Retro Hyped Retros

puma-sneaker-freaker-shark-grey-sneakerSneaker Freaker’s retro’d Blaze Of Glory seems like a waste of a great opportunity. The two names could work together in celebration of 5 years since their Blaze of Glory but instead we get the same shoe. That’s not to say that these shoes themselves are no good, it’s more the notion that five years later it looks like someone at Puma has said “well Sneaker Freaker seems to be doing well, and that BOG we did with them was pretty nice so let’s do it again”. Instead of allowing the magazine to rework the shoe even in a different way, they have simply re-released it with some minor details altered. What it serves to do is basically make both parties look lazy and gives the whole venture a wiff of “fast money” but that might just be me. Whining aside I’m actually pretty stoked, this was one of the better  collaborative releases and the comfort of the Trinomic sole is pretty amazing. The chance to grab some new pairs isn’t something to be hated on, although I do wish the metal aglets would’ve got the flick as you get sick of the shoe constantly un-tying itself rather quickly.

sneaker-freaker-blaze-of-glory-heels blaze-sneaker-freaker-shark-grey-side

Generally speaking though when it comes to sneakers, rehashing an idea very solemnly works. Immediate examples include Jeff Staple’s ongoing “all Pigeon everything” campaign, which seem to lack the initial impact and cohesiveness of the SB. Solebox nailed it right off the bat with their first ever New Balance 1500, but the subsequent “Finals” version 5 years later fell short because of the changes to the model and UK factory’s quality standards. The same fate could be written for Crooked Tongues’ re-appropriation of their 576 colourways onto the 1500 as well. Maybe the fact that these aren’t trying to be anything but a retro of a collaboration from 5 years ago will work as an advantage, the notion of re-releasing a shoe to a whole new crowd is a galant one and on Sneaker Freaker’s part it shows a fair bit of confidence in their initial design (and rightfully so). It’s funny to think back about this shoe’s initial release and the European gents drawing parallels with the Huarache Light and basically accusing people of weak design chops. Today it remains one of the most unique and ballsy projects going.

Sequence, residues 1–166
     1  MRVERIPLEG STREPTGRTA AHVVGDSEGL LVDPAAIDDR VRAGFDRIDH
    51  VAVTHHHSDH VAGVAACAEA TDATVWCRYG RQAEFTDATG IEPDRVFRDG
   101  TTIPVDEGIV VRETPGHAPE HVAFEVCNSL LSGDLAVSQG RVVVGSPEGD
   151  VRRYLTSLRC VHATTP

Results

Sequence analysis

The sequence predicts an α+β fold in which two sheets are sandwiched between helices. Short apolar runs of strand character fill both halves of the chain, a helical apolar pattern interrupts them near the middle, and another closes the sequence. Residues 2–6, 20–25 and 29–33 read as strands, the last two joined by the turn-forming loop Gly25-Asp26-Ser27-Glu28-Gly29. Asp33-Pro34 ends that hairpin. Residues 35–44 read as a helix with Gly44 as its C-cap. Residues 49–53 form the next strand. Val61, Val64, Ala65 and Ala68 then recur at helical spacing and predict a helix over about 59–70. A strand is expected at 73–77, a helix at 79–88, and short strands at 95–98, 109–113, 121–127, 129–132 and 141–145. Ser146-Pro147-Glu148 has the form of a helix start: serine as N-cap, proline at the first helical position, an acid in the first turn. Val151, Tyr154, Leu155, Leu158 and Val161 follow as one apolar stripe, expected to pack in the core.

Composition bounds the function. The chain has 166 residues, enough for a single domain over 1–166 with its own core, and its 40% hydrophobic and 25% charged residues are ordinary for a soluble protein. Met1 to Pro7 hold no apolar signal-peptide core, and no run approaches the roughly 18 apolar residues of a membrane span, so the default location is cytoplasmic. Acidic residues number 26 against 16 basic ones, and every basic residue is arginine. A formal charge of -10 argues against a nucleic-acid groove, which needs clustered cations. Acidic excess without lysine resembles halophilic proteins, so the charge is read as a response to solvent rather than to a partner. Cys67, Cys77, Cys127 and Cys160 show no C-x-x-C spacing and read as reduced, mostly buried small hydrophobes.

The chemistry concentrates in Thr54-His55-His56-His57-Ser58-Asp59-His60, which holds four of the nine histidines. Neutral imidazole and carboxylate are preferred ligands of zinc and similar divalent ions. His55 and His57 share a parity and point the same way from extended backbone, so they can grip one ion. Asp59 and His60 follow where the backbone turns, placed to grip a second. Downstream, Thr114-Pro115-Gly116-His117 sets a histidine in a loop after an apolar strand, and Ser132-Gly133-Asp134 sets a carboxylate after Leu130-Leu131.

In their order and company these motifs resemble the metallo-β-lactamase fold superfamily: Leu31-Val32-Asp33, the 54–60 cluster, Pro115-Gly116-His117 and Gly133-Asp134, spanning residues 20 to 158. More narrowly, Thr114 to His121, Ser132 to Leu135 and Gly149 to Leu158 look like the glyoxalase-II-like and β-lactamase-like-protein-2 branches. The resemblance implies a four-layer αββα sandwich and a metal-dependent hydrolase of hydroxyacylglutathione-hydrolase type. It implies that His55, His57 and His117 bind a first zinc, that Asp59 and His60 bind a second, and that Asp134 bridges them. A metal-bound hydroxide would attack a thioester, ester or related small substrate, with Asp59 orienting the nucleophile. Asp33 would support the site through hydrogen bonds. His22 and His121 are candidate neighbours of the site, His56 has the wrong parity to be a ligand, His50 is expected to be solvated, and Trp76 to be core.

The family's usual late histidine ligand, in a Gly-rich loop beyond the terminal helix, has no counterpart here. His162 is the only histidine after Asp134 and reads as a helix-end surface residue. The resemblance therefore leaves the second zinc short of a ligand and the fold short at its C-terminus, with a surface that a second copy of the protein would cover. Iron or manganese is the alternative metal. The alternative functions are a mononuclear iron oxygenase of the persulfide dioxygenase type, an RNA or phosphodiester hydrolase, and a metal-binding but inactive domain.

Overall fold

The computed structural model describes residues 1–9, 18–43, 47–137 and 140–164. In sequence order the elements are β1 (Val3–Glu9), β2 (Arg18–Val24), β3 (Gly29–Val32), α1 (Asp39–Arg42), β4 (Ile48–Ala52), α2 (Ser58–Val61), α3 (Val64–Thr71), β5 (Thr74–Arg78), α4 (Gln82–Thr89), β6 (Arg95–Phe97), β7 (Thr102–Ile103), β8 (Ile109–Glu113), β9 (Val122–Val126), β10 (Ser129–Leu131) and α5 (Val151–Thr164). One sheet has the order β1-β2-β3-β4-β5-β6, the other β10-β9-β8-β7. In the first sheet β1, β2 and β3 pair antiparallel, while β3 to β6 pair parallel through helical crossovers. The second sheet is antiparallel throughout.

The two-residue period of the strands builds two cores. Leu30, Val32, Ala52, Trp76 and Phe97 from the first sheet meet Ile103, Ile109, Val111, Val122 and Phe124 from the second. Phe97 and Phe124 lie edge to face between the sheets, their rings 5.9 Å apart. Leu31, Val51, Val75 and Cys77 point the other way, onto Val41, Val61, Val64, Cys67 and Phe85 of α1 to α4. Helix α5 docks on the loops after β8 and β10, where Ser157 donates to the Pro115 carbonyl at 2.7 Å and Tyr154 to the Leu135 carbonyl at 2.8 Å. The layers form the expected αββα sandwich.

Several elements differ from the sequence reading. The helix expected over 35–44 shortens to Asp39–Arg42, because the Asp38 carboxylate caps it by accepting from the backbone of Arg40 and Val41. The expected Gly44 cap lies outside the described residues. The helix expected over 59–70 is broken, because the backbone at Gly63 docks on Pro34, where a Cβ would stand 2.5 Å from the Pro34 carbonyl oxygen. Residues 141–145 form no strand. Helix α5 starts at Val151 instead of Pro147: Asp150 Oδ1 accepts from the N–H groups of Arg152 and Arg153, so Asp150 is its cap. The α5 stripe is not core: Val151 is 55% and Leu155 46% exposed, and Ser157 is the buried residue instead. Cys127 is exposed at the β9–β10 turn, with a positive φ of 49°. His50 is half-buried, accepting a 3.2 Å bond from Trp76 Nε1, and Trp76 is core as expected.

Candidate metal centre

At the same time;  Supreme is going hard in the public eye, people are complaining about not being able to get it in Australia, kids are talking about $1000 Visvim shoes and obscure Japanese fabrics, Air Max 1s are in high demand and the world is freaking out about a shoe designed by Kanye West with line-ups being prevalent for any release that has a name attached to it. I feel like we’ve just gone full circle and have returned back to where we were in 2008, in which case maybe Puma knows exactly what they’re doing and I’m a complete fool for questioning them.

I wonder if in five years from now we’ll start seeing some Ronnie Fieg releases getting a re-release. In the meantime I regret not picking up the early David Z Asics from years back when they were all on clearance shelves. Now they’re someone’s grail… I wonder what those Alife ones sell for now.

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